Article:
Intestinal lipodystrophy is also known as Whipple’s disease. The medical eponym was named after George Hoyt Whipple, an American pathologist, who first described the intestinal lipodystrophy. Whipple’s disease is a disorder that affects multiple systems. It is rare and is seen in less than one per 1,000,000 people each year.
The condition results from a bacterial infection that causes inadequate absorption of the nutrients from your small intestine. Initially, only the small intestine is affected, but in later stages, the disease affects various parts of your body.
The bacterium that is responsible for Whipple’s disease is Tropheryma whipplei. The bacterium affects the inner lining of your small intestine and leads to the development of lesions and thickens the mucosal lining. The inner lining of small intestine consists of finger-like structures called villi that help to absorb the nutrients. Thickening of the villi leads to abnormal absorption of nutrients from the digested food in the small intestine. Thus, inadequate absorption of nutrients in the small intestine causes the symptoms of Whipple’s disease.
Additionally, many research studies suggest that a genetic defect in the functioning of the immune system makes an individual more susceptible to the disease.
Due to inadequate absorption of nutrients, different parts of your body are affected. The infection may spread from the digestive tract to other parts such as heart, lungs, brain, joints, and eyes. The common signs and symptoms of Whipple’s disease include the following:
The less common signs and symptoms of intestinal lipodystrophy include:
The risk of Whipple’s disease is high in males than females and is in the ratio of 4:1. The symptoms may begin between the ages 40 and 80. Whites in North America and Europe are more susceptible to the disease when compared with other races. Poor sanitary conditions and unhealthy food habits may also increase the risk of Whipple’s disease.
Intestinal lipodystrophy is a progressive disease that may become fatal in advanced stages. If the Whipple’s disease is left untreated, the disease may spread to the central nervous system and leads to irreversible damage and death.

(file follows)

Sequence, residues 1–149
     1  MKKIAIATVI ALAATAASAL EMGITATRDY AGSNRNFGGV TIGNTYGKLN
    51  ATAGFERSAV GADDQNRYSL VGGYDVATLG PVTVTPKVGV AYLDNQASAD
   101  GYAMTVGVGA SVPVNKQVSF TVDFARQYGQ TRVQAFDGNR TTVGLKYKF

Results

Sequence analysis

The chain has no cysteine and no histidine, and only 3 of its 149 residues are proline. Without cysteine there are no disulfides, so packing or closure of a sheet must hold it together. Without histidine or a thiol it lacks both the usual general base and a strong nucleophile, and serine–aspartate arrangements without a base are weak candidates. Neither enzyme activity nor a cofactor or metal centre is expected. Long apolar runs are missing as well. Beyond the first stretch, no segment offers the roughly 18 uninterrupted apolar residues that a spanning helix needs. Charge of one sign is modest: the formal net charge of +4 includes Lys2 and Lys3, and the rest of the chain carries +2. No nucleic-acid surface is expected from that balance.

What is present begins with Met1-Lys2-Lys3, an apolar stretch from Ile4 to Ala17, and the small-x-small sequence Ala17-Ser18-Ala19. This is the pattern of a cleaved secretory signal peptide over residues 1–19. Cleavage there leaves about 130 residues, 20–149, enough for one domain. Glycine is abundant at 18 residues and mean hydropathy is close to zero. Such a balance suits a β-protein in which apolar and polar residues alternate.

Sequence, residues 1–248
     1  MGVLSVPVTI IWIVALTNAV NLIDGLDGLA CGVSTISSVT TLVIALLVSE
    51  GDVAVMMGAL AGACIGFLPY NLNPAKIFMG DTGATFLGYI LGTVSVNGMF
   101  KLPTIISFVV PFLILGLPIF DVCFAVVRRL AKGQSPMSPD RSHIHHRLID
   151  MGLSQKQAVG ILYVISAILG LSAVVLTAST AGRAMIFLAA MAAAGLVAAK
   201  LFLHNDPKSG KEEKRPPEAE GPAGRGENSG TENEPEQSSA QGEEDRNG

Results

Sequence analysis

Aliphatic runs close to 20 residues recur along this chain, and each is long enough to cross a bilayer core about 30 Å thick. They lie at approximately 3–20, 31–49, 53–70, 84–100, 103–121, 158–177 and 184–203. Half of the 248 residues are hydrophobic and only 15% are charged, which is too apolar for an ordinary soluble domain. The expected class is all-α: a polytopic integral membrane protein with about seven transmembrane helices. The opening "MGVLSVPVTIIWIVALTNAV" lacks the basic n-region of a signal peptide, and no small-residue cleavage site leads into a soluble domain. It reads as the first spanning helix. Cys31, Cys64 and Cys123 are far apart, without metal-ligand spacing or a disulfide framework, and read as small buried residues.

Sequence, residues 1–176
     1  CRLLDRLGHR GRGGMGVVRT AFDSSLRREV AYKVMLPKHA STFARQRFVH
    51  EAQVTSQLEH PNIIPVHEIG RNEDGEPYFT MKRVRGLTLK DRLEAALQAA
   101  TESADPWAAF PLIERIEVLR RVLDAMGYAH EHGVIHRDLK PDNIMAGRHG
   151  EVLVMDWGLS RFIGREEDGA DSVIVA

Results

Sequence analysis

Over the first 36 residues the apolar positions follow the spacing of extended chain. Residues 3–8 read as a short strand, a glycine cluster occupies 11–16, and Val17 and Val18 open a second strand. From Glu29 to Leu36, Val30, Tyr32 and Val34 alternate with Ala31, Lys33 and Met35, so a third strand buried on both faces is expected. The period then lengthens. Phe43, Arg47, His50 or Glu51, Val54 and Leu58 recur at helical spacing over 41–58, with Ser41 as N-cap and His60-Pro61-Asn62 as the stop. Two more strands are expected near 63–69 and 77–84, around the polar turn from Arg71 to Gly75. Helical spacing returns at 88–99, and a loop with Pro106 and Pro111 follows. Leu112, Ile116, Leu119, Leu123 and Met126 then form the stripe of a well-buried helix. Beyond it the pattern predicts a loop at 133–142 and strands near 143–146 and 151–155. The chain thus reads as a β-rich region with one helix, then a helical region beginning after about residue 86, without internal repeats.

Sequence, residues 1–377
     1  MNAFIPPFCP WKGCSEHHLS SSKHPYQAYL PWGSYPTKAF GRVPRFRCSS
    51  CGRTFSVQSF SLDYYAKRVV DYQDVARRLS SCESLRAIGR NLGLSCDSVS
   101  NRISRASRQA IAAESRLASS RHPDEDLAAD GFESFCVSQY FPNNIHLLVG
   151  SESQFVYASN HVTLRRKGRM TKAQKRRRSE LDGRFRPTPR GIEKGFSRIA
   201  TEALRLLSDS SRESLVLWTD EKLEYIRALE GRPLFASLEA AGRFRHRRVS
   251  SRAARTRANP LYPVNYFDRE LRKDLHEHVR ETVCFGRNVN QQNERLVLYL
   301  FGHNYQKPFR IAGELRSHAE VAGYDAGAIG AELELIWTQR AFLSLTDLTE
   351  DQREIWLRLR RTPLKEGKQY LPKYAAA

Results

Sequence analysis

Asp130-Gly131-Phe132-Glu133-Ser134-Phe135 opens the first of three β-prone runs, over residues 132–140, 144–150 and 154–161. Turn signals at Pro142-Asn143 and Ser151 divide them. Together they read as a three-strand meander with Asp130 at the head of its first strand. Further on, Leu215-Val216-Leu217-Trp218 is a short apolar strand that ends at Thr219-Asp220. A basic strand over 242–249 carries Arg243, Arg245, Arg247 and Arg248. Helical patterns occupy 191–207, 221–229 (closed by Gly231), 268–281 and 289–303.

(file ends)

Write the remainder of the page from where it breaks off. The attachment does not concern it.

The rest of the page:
Your doctor begins the diagnosis by thorough physical examination which includes checking for signs and symptoms of Whipple’s disease. Your doctor might order for the following tests to confirm the diagnosis.
Blood tests:A complete blood count may be recommended to determine the conditions associated with Whipple’s disease such as anemia.
Endoscopy: During the endoscope, a small flexible tube with a camera attached to it is inserted into your small intestine. This provides a complete view of your small intestine and helps to identify the presence of lesions.
Biopsy: A sample tissue of your intestinal wall is removed to examine for the presence of Tropheryma whipplei bacteria.
Generally, the treatment for Whipple’s disease is aggressive and lasts for one or two years to completely eradicate the causative organism. Antibiotics are recommended for the treating Whipple’s disease. Continuous monitoring may be required to check for the development of resistance to the drugs.
Your doctor begins the treatment with two to four weeks of intravenous (IV) ceftriaxone, followed by an oral dose of sulfamethoxazole-trimethoprim for one or two years.
If the infection is spread to the central nervous system, your doctor might prescribe an oral dose of doxycycline and hydroxychloroquine for 12 to 18 months.
The other treatment options in addition to antibiotics include the following:
The symptoms are relieved within one month of the antibiotic treatment. Continuing to take the antibiotics as prescribed will help to eradicate the disease completely.